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Authors: Berger, Collin
Advisors: Zelizer, Julian
Department: Woodrow Wilson School
Class Year: 2014
Abstract: The history and popular perception of Federal Reserve chairs attribute them with more power over Fed policy than their official duties suggest they have, and the literature on the Fed has not explained this discrepancy. A comparison of two historical chairs demonstrates that chairs hold a large amount of unofficial power and this power varies with the chair’s background and leadership style. This follows research on influence and decision-making from fields like psychology and behavioral finance. This paper describes the chair’s official role in the Federal Reserve System and summarizes the existing efforts to determine the chair’s actual power. It then describes possible ways a chair influences other Fed officials, including psychological factors like prospect theory and biases that defy strict rationality. To control for several variables and track the office’s inherent power, the paper compares the first twelve months of the tenures of Chairmen G. William Miller and Paul Volcker. Using psychological factors, the biographies of these chairs prior to their appointments correctly forecast Volcker was more influential. Qualitative and statistical analysis of Fed documents, especially FOMC meeting transcripts, suggests the chair’s influence follows psychological factors’ predictions and changes across different chairs. The analysis also indicates all chairs have a large amount of power yet even strong chairs do not dominate the Fed. The patterns from Miller and Volcker expect the Fed’s newest leader, Janet Yellen, will expand upon the office’s power as Volcker did. The paper concludes by considering what a powerful chair means for the Fed’s effectiveness.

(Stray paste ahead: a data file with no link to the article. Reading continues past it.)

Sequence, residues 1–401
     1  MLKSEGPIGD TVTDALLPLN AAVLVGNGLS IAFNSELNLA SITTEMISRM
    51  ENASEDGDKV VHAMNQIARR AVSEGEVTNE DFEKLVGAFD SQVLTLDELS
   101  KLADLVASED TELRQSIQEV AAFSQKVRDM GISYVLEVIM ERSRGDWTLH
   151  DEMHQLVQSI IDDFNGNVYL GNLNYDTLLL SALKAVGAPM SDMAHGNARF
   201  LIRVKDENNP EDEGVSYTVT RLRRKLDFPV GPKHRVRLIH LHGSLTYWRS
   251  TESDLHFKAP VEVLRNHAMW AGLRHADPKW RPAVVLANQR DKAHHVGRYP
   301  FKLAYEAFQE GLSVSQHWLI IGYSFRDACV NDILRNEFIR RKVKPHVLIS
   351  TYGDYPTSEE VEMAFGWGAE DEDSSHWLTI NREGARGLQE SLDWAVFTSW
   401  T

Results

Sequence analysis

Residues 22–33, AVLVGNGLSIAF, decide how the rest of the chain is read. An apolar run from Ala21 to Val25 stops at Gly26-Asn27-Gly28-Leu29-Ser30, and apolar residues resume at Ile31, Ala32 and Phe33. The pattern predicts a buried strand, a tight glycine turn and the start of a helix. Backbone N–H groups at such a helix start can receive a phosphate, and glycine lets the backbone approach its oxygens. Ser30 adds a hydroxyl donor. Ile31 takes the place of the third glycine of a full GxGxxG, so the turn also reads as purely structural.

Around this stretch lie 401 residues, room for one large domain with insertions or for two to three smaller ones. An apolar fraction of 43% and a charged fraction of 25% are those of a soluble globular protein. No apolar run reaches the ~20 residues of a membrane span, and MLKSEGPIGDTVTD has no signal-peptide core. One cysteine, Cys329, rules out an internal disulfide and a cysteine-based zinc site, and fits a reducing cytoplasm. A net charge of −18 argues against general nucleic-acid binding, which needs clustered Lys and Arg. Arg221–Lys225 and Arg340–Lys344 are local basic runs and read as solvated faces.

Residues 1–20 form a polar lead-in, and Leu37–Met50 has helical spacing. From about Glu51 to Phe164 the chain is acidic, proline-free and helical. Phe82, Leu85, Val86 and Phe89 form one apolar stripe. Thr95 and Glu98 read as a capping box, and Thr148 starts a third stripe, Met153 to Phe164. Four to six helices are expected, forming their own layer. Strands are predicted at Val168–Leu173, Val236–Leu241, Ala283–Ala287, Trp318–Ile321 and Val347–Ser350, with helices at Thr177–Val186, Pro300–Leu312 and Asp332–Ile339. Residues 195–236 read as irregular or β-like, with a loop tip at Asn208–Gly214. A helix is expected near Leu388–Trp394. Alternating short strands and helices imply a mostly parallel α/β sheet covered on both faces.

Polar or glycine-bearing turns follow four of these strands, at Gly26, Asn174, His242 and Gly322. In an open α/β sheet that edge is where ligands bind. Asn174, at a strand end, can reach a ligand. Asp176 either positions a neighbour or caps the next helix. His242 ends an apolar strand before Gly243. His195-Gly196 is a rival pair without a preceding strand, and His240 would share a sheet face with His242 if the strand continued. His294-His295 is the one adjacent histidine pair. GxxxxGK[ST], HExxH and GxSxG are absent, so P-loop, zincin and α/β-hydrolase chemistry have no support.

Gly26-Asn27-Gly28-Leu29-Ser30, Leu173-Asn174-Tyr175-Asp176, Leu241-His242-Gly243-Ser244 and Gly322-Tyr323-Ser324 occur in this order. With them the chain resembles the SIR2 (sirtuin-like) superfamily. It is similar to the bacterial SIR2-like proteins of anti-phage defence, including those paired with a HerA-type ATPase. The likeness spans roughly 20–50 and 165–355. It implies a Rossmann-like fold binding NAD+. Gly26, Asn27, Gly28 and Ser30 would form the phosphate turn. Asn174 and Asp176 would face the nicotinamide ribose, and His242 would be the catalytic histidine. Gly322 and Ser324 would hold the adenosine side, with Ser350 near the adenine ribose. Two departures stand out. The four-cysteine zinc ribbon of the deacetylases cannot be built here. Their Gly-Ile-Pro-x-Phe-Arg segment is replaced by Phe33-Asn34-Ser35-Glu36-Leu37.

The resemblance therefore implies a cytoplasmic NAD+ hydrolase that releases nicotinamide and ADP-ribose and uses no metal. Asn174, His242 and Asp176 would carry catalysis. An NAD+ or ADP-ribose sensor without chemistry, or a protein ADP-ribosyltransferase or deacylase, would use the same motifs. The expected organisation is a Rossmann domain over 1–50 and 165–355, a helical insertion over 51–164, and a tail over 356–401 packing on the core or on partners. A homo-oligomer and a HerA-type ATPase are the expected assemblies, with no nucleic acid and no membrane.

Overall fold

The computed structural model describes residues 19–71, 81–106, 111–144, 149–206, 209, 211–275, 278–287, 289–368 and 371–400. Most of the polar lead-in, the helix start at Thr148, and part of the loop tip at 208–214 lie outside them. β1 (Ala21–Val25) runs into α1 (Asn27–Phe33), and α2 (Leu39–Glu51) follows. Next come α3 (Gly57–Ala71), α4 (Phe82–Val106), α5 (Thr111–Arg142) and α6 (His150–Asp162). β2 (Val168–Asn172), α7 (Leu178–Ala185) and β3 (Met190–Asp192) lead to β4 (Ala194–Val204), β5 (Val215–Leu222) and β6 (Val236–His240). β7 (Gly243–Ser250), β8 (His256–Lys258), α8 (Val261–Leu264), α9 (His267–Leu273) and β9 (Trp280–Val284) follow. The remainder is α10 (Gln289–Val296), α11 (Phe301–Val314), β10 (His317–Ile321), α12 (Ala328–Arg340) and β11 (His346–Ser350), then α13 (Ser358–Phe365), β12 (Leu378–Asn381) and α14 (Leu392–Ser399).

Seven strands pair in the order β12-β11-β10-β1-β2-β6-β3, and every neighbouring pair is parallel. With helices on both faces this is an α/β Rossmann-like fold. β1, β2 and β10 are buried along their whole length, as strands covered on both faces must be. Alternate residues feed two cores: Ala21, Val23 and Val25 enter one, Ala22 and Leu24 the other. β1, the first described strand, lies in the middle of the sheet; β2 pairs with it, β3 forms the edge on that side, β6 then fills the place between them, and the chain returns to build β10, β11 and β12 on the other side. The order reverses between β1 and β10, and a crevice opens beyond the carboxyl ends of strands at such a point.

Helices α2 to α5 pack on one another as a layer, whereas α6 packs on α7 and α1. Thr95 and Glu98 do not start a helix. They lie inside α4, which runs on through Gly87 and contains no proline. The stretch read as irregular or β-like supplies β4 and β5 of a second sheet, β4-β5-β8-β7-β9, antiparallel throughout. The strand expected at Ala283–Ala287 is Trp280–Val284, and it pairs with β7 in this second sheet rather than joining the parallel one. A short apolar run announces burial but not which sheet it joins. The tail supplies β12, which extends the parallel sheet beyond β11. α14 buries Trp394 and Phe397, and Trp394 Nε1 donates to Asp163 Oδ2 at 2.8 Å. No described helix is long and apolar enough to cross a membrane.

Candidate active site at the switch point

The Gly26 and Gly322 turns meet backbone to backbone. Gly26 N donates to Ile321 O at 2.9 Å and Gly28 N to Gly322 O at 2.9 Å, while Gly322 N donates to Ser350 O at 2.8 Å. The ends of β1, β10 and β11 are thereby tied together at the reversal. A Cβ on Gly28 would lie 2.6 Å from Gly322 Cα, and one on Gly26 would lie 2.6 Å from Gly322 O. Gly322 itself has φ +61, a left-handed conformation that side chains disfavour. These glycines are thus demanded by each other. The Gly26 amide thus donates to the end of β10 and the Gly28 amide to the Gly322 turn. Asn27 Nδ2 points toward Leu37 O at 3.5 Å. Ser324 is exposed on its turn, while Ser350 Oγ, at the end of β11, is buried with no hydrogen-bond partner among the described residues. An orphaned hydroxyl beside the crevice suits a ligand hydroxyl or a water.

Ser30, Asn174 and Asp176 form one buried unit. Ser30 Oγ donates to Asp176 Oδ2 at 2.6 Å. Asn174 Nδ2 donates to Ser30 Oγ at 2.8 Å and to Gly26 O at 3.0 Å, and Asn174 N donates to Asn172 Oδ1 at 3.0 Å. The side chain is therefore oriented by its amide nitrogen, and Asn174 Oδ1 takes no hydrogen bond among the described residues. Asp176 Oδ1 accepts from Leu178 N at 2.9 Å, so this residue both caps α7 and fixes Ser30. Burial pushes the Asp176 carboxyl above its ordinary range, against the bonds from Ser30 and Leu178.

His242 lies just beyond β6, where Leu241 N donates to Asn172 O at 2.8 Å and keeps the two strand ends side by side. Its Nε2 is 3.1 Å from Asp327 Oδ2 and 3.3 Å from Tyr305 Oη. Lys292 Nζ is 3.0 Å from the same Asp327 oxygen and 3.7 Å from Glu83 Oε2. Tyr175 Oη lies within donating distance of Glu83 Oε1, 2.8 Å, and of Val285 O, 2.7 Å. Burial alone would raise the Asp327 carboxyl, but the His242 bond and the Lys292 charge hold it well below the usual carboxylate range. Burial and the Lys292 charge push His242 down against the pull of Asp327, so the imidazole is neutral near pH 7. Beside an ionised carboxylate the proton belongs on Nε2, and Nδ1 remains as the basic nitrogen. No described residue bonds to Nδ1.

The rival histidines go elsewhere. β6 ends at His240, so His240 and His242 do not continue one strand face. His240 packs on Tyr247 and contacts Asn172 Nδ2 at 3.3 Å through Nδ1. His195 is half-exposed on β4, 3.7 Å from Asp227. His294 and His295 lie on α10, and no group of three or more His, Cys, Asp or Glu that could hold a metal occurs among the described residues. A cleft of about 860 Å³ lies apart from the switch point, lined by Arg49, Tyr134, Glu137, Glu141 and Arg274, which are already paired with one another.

Extent: 146 pages
Type of Material: Princeton University Senior Theses
Language: en_US
Appears in Collections:Woodrow Wilson School, 1929-2017

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